Sunday, October 2, 2022

Less isolation allowed in Ontario if two rapid tests are negative

TORONTO – Rapid antigen COVID-19 tests will not be available to the general Ontario population for some time amid supply shortages and the ongoing virus growth – but people with the means to access them will soon be out of virus-related isolation. can exit. ,

Officials said Thursday that people who develop symptoms can resume their regular activities sooner than the required five days – new for fully vaccinated people and children under 12. Isolation period – if two rapid tests are at least 24 hours apart, and if their symptoms improve for 24 hours.

It is still recommended that people who are ill stay home until symptoms improve.

The update came as the province set out its comprehensive plans this month to increase the supply of at least 54.3 million rapid tests expected from the federal government, out of another 85 million tests procured provincially.

With demand for rapid testing predicted to rise to 18 million tests weekly – and gold-standard PCR tests restricted to those at the highest risk – the province said it would be expanding rapidly to high-risk areas such as hospitals. Testing will need to be a priority, for long-term care homes and jobs with a vaccine-or-test mandate.

The province’s top physician, Dr. Kieran Moore, advised that if people develop symptoms of COVID-19, they should go without testing to confirm their diagnosis, noting that some other viruses are currently causing congestion, fatigue. Common symptoms like headache, walking around. or muscle pain.

“At the moment, given the high community spread of COVID-19, testing is a luxury,” Moore said at a news conference on Thursday.

“The vast majority of Ontarians will be able to stay at home, taking a Tylenol or ibuprofen or fluids to help us relieve our symptoms.”

He added that every Ontarian should monitor for symptoms as the Omicron variant continues to spread.

He said the province is “lucky” that Omicron results in more mild disease at the individual level, but it is putting pressure on the health system because of the variant’s transmissibility, which is driving infections to record levels.

It is not known exactly how many Ontarians are currently infected with COVID-19 due to reduced access to PCR tests due to recent policy changes. The province reported 13,339 new COVID-19 cases on Thursday, but Public Health Ontario has warned that the actual number of cases is likely to be higher.

Twenty new virus deaths were also reported on Thursday, as hospitalizations climbed to 2,279 COVID-19 patients, including 319 in intensive care.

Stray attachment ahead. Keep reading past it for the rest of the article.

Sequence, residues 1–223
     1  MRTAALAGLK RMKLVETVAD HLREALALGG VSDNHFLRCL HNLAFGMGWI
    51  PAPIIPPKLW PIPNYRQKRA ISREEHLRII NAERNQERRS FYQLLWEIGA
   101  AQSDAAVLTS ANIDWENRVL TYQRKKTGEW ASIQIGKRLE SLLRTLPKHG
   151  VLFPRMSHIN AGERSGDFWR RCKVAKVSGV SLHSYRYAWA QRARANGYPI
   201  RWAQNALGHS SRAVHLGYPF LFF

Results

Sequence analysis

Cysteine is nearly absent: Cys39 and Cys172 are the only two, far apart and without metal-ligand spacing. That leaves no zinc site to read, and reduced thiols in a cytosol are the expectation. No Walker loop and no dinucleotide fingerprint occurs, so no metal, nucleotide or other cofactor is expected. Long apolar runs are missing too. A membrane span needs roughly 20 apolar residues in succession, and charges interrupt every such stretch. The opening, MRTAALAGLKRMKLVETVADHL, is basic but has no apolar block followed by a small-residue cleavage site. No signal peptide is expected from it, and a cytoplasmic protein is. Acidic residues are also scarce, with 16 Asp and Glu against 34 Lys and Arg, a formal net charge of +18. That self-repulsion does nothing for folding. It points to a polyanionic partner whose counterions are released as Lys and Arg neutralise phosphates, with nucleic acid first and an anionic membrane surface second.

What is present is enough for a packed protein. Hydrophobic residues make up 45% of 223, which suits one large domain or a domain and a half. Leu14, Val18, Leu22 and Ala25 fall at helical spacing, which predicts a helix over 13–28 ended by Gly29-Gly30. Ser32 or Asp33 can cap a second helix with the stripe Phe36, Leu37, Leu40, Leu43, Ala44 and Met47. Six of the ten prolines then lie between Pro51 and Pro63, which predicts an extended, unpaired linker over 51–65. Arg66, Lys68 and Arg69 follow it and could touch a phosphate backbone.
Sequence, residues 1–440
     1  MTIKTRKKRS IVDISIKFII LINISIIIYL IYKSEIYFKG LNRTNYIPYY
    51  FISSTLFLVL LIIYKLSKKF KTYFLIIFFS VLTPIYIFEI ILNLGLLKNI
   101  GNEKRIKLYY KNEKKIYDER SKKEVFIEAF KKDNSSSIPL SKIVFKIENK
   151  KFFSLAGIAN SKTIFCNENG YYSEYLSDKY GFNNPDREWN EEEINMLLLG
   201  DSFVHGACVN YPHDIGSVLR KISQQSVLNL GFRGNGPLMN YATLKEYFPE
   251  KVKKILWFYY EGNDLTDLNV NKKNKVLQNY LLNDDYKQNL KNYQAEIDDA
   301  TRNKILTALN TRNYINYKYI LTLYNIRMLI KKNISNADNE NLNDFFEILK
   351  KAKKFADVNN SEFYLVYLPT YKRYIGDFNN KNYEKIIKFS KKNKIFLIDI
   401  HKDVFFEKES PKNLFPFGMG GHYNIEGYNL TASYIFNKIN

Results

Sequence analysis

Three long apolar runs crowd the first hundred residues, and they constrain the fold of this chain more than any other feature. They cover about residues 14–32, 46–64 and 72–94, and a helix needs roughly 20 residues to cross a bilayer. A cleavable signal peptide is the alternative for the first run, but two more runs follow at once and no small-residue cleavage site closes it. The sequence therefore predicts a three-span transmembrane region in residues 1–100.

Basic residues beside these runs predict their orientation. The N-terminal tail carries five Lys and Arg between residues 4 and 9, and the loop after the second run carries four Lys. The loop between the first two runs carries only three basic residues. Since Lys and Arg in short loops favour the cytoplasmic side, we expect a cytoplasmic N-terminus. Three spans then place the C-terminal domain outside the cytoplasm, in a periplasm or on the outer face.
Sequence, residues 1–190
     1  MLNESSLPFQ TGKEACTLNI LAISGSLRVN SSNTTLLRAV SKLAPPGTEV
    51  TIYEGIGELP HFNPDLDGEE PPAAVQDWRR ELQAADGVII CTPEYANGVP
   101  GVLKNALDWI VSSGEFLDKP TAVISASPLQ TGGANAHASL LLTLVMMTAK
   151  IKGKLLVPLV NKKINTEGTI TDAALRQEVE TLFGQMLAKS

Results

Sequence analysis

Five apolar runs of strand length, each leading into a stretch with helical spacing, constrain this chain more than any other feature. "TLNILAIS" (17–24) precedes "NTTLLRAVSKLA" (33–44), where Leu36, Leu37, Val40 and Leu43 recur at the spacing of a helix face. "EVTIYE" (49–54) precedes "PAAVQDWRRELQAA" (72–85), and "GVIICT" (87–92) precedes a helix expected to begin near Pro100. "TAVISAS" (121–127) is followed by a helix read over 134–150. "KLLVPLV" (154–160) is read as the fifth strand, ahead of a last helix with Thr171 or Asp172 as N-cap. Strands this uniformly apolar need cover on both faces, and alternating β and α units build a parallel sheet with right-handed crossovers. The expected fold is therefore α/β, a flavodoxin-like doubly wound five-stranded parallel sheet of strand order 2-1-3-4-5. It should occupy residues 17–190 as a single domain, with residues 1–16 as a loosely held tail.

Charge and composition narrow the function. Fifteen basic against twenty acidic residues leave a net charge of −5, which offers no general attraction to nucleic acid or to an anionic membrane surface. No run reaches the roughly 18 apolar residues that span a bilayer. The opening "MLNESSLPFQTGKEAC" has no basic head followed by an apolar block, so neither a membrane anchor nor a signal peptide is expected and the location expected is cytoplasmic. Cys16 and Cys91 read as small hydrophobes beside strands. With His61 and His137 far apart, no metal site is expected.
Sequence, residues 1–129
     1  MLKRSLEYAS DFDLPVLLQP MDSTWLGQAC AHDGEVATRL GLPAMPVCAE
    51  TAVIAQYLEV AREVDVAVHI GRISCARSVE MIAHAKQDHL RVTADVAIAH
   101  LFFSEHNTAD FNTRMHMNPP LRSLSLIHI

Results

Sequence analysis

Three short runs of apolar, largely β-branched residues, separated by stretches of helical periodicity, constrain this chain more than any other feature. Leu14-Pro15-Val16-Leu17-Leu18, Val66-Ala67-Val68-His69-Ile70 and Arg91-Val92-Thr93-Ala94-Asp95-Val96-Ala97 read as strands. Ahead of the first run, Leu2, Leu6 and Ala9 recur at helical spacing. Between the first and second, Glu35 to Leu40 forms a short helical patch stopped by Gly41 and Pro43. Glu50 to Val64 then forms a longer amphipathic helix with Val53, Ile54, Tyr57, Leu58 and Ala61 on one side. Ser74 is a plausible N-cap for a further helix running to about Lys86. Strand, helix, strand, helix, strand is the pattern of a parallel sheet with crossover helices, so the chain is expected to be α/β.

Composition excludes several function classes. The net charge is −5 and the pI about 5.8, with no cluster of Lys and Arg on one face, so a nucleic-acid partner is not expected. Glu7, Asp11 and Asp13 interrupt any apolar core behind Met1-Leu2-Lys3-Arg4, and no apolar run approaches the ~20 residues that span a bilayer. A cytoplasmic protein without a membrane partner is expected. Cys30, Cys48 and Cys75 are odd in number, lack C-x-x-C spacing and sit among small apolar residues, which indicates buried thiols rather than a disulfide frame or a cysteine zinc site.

Rapid tests are being reserved for a test-to-work plan so that people can resume work immediately after exposure, routine testing of workers in high-risk jobs and for people who do not qualify for PCR tests. Huh.

Supplies will go first to settings such as long-term care homes, hospitals, shelters and Indigenous communities, with supplies for some education settings and workplaces with vaccination-or-testing mandates.

With more than two million rapid tests distributed free of charge to the public in the month of December, supplies quickly stalled as pop-up sites drew long lines in malls, transit hubs and liquor stores.

The initiative will not continue as the province rations its rapid testing supplies for key areas. However, people can pay to have access to rapid tests at pharmacies or purchase them from certain retailers or producers.

The province said it plans to expand public access to rapid testing, but it will depend on supplies.

On Wednesday, several stringent health measures – including widespread business closures and a temporary return to online schooling – went into effect in Ontario to rein in Omicron and preserve the capacity of the health system.

The province has also directed hospitals to stop non-urgent surgeries due to COVID-19 infections and hospitalizations.

Moore said the decision to have surgery to free up hospital space was taken “regretfully” and added that he expects the new restrictions, which will last at least three weeks, to improve after a “tough January”.

This report by The Canadian Press was first published on January 6, 2022.

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